What is Transphobia? in Identity
Transphobia is the phrase used to describe the intense dislike of or prejudice against transgender people. It also covers the dislike of transsexual, intersex or androgyne people.
A transgender person feels that their external appearance does not match up with the way they feel internally about their gender identity. Find out more about gender identity.
If you are 18 years old, have gender dysphoria and have been living as your preferred gender for at least two years you can apply for a Gender Recognition Certificate, which will let you change your name and gender on your birth certificate.
How are people transphobic?
Transphobia can involve name-calling, discrimination and even violence. Find out more about bullying here.
Transphobia not only covers issues of LGBT acceptance, but sexism and gender roles too. These issues mostly involve the way in which men and women are expected to act in society. If a boy acts in a way that isn’t typically ‘masculine’ e.g. isn’t interested in sports, then he might be called a mix of homophobic and sexist names like ‘gay’, ‘jessie’ or ‘girl’. For transgender people this highlights the issue that some people may have to those stepping outside of their set gender roles about what it means to be masculine or feminine.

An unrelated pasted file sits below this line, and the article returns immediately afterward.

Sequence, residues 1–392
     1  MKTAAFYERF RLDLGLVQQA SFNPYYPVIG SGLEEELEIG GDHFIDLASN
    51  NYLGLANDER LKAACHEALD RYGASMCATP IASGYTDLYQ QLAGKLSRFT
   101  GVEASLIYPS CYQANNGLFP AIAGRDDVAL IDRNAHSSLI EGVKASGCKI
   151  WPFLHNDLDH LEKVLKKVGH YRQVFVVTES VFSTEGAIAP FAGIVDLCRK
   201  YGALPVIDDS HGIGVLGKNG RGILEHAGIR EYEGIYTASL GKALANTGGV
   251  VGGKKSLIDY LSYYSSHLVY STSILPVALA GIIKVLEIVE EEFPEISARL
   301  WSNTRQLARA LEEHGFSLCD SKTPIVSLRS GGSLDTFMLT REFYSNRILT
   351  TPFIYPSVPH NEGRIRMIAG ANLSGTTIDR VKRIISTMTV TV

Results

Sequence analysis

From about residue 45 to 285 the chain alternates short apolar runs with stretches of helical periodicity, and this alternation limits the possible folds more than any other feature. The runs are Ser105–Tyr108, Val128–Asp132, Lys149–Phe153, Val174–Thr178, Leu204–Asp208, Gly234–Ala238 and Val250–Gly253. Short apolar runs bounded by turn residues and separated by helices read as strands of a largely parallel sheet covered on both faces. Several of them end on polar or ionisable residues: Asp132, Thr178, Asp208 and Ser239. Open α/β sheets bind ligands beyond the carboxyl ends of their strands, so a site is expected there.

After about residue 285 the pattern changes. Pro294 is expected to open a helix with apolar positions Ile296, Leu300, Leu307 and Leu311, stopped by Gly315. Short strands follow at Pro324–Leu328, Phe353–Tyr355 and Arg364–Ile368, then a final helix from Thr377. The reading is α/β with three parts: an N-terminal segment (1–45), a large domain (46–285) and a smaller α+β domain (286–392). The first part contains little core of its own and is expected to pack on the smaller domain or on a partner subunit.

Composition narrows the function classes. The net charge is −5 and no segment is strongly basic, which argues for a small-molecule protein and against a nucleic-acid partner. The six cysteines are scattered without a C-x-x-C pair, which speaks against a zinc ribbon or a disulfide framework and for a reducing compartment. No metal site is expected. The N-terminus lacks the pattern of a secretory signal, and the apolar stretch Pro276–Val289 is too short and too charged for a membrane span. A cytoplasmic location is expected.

For some transgender people there is also the issue of dress. There have been a number of cases where pupils that were born male but don’t identify this way want to wear skirts to school have been refused to do so by schools.
Pronouns can also be an issue – being referred to as ‘him’ or ‘her’ incorrectly can be uncomfortable for a transgender person, especially when they are trying to establish their new identity. It can also be difficult for teachers or fellow students if they haven’t been known by that identity since they’ve been at school, but it’s all about a matter of respect.
Who’s trying to make a difference?
There are organisations that work on behalf of LGBT (Lesbian, Gay, Bisexual and Transgender) people such as LGBT Youth Scotland. You can find out about some of the work they do by visiting the LGBT Youth Scotland website.
You can also learn about more about transgender identity on the ChildLine website.